Well, that was unfortunate. The latest chapters of Frank Herbert’s Dune took a drastic turn. The landscape has completely changed for House Atreides—and not in a positive way. At least, it doesn’t seem positive. A new and likely dangerous, but also likely interesting path has opened for Paul and Jessica…
Dr. Yueh’s betrayal was put in motion as the last chapter closed. As we got to know him, it was apparent turning the Atreides over to the Harkonnens pained him; it wasn’t surprising to see him use his efforts to exact revenge upon the Baron. Unfortunately, his plan to kill the Baron failed. He did manage to complicate the Baron’s life since the poison wiped out Piter, but it’s not an insurmountable hurdle. The Baron will recoup. As the eventful night played out, it became apparent how the Emperor and his Sardaukar both are and aren’t allied with the Harkonnens. Even with the tensions present between the two groups, the Emperor is throwing in with the Baron to a certain degree.
And in case you weren’t already convinced about how twisted the Baron is, some of his more disturbing tastes were confirmed. On a scale of awfulness from 1 to Joffrey in Game of Thrones, I’d put him near the Joffrey end.
The other part of Yueh’s plan—the part we didn’t know about—worked out somewhat better. Because he was a man put in a difficult place and not a monster, he took steps to ensure Paul and Jessica would survive the Harkonnen attack. He coordinated with Duncan Idaho to make sure the mother and son would escape the grasp of the Harkonnens and fall in with the Fremen. And this is where things took a sharp U-turn.
‘Thopter by Carlos NCT
The loss of his father, Leto, triggered a change in Paul. We know from the visit with the Reverend Mother that she, Jessica, and the Bene Gesserit had hopes for the teen. They thought it possible he could be a chosen one of sorts, the Kwisatz Haderach. But what happened was something no one expected. Herbert has presented Jessica as a cool, confident, and intelligent person thus far, and to see her react to the new Paul with fear was jarring.
He has Jessica’s Bene Gesserit training and he has Mentat abilities, but that’s not all. It’s almost like he’s transcended to another plane. Nothing escapes him. He’s able to discern his mother is the daughter of Baron Harkonnen (!), that she’s pregnant, and that he will become Muad’Dib to the Fremen. He sees all the paths in front of him and the intents of everyone along the way–it seems like an incredible burden. And though in some ways it is like a switch flipped, Herbert’s approach to the way Paul processes what’s happening makes it weirdly natural. It’s all so practical, if that makes sense.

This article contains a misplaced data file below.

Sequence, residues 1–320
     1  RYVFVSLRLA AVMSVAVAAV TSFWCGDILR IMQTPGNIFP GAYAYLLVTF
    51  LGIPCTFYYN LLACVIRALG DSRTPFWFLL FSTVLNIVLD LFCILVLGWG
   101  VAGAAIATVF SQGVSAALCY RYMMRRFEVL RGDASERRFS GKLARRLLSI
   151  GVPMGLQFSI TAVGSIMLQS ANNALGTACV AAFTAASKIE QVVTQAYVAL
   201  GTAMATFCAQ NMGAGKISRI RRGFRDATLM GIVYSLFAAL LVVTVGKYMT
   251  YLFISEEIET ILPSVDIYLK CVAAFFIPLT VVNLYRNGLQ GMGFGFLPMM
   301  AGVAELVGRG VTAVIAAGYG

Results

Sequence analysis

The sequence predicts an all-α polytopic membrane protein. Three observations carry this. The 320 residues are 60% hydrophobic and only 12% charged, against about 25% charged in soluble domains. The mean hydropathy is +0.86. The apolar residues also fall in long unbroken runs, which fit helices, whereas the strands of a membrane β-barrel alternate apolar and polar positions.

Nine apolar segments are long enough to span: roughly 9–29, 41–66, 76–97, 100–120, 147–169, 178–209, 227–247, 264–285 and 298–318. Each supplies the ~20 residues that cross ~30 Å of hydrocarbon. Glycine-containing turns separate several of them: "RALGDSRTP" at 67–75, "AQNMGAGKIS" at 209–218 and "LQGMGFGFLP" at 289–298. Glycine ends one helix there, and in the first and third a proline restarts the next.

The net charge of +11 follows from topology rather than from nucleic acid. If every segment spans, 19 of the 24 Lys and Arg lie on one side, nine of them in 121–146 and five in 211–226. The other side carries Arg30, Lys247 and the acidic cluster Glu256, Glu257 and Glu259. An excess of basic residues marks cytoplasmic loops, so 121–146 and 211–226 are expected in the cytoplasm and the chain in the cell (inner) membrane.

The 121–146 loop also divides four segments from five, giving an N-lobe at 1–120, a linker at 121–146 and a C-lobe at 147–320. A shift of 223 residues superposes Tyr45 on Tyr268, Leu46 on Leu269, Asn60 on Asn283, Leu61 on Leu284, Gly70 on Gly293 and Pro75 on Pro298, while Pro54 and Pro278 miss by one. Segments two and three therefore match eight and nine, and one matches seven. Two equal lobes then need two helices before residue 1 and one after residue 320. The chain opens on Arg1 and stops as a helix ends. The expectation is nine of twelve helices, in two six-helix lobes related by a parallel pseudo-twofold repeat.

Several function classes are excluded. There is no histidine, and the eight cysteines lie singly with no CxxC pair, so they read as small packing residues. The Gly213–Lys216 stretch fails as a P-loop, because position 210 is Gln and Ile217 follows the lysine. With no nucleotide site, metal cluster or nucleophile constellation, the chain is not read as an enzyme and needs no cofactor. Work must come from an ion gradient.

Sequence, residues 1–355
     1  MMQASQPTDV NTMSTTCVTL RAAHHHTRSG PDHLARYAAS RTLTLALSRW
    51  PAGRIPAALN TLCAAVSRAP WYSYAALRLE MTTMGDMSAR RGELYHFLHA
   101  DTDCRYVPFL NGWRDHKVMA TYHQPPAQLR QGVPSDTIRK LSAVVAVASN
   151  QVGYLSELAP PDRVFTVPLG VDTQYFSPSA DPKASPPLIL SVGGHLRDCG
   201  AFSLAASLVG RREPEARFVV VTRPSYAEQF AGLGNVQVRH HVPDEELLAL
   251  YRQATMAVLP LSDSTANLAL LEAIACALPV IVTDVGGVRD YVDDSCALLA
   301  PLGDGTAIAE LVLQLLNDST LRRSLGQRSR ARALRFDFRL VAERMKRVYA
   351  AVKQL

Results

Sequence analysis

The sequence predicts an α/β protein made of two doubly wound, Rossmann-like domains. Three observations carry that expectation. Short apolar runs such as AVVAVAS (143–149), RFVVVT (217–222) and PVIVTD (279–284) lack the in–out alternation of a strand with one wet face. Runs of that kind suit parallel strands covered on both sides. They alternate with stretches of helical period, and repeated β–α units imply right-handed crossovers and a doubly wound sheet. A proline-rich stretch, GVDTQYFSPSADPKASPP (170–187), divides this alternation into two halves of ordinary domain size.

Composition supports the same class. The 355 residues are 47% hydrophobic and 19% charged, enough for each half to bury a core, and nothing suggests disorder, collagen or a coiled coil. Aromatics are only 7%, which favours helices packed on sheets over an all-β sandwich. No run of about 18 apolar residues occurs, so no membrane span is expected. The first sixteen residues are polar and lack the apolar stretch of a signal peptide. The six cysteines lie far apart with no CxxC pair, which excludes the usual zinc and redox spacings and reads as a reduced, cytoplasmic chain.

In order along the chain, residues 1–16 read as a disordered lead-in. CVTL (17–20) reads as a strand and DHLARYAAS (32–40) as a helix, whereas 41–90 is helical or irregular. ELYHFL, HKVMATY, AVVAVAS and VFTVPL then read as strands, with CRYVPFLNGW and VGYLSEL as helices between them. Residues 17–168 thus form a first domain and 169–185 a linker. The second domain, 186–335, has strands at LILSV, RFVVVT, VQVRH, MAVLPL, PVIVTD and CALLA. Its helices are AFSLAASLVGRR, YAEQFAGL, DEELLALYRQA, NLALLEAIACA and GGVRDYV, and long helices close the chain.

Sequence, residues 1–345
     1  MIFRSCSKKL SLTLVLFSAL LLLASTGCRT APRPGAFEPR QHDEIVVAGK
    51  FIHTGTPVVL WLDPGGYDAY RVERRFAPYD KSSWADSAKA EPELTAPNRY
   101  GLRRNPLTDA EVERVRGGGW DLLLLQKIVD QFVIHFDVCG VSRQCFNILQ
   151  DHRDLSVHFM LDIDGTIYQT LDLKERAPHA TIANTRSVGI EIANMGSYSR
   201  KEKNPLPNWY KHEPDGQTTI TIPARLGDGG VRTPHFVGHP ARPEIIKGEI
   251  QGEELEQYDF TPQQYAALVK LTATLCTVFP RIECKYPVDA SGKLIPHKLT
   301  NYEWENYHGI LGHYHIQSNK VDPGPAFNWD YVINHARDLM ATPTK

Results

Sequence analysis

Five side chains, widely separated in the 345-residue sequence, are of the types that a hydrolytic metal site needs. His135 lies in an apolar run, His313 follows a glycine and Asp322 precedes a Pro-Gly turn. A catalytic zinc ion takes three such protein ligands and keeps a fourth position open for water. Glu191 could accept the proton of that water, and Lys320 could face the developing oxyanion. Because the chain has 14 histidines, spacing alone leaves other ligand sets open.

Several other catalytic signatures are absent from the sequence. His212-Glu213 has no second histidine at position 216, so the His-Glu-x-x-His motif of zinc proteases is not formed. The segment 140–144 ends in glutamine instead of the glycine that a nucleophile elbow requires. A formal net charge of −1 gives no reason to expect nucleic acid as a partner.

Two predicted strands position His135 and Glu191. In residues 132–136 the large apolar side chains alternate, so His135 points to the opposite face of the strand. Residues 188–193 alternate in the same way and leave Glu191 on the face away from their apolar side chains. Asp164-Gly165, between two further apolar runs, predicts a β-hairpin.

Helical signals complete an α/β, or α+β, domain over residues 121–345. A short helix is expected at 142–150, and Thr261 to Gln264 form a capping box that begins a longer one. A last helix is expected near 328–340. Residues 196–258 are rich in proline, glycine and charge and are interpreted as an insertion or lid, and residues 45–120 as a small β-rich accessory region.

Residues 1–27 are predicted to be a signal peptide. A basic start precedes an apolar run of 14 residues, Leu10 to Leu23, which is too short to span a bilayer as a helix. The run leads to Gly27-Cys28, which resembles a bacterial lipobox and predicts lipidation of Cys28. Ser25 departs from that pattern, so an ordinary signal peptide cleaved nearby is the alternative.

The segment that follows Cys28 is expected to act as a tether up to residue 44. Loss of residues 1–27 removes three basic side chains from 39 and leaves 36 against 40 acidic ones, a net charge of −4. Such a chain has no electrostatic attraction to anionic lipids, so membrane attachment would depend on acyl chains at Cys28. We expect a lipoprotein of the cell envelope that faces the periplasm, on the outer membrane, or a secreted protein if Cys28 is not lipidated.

As part of Paul’s development, our eyes are finally opened to the power of the Fremen. They are not primitive as we’re led to believe by others and that plays into questions about assumptions and prejudices.
“Paul felt that all his past, every experience before this night, had become sand curling in an hourglass.”
“The culture that made these things betrays depths no one suspected.”
“The thing was a spectrum of possibilities from the most remote past to the most remote future—from the most probable to the most improbable.”
– After Paul’s transformation, how do you feel about Lady Jessica? Do you blame or judge her for what Paul has become?
– Did you suspect Yueh would offer Paul and Jessica assistance? Why do you think he saved them?
– For those of you who haven’t read the books, what is your current opinion of the Fremen?
– Do you think it’s right or wrong for Paul to leverage the prophecies placed by the Missionaria Protectiva?
Tour a ‘thopter – Explore a ‘thopter on the set of the 2000 Dune miniseries with Alec Newman (Paul Atreides).
Dune fascinates me for many reasons, and one of those reasons is how often Herbert reveals key plot points. We knew Dr. Yueh was going to betray the Atreides all along, but it didn’t take away from the pain of the moment. We’ve known Paul would become something else–the Kwisatz Haderach or otherwise–and adopt the title Muad’Dib. If you didn’t pick up on the fact from chapter headings, the end of this week’s reading assignment made it clear. Knowing these plot points doesn’t lessen their impact, and it’s making me think about my feelings in regards to spoilers.
What do you think about the way Herbert lays out the story? Head to the comments and let me know your thoughts on that, answers to the discussion questions, favorite scenes–anything you want to chat about. You can also hit me up on Twitter.
Come back next week, on August 3, to discuss pages 325-410!
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